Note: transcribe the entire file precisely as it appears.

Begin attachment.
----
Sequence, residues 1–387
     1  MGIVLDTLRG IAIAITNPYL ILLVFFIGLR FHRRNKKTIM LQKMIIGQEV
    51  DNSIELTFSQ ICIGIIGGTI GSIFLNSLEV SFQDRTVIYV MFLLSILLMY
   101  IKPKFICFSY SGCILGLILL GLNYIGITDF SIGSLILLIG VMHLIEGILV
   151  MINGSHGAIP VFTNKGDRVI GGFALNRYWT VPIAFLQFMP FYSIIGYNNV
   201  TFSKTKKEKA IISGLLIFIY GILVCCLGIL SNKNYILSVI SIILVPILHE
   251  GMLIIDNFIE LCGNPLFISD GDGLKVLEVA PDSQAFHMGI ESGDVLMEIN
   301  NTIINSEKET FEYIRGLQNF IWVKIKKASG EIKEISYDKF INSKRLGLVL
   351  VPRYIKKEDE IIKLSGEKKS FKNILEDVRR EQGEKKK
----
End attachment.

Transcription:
Sequence, residues 1–387
     1  MGIVLDTLRG IAIAITNPYL ILLVFFIGLR FHRRNKKTIM LQKMIIGQEV
    51  DNSIELTFSQ ICIGIIGGTI GSIFLNSLEV SFQDRTVIYV MFLLSILLMY
   101  IKPKFICFSY SGCILGLILL GLNYIGITDF SIGSLILLIG VMHLIEGILV
   151  MINGSHGAIP VFTNKGDRVI GGFALNRYWT VPIAFLQFMP FYSIIGYNNV
   201  TFSKTKKEKA IISGLLIFIY GILVCCLGIL SNKNYILSVI SIILVPILHE
   251  GMLIIDNFIE LCGNPLFISD GDGLKVLEVA PDSQAFHMGI ESGDVLMEIN
   301  NTIINSEKET FEYIRGLQNF IWVKIKKASG EIKEISYDKF INSKRLGLVL
   351  VPRYIKKEDE IIKLSGEKKS FKNILEDVRR EQGEKKK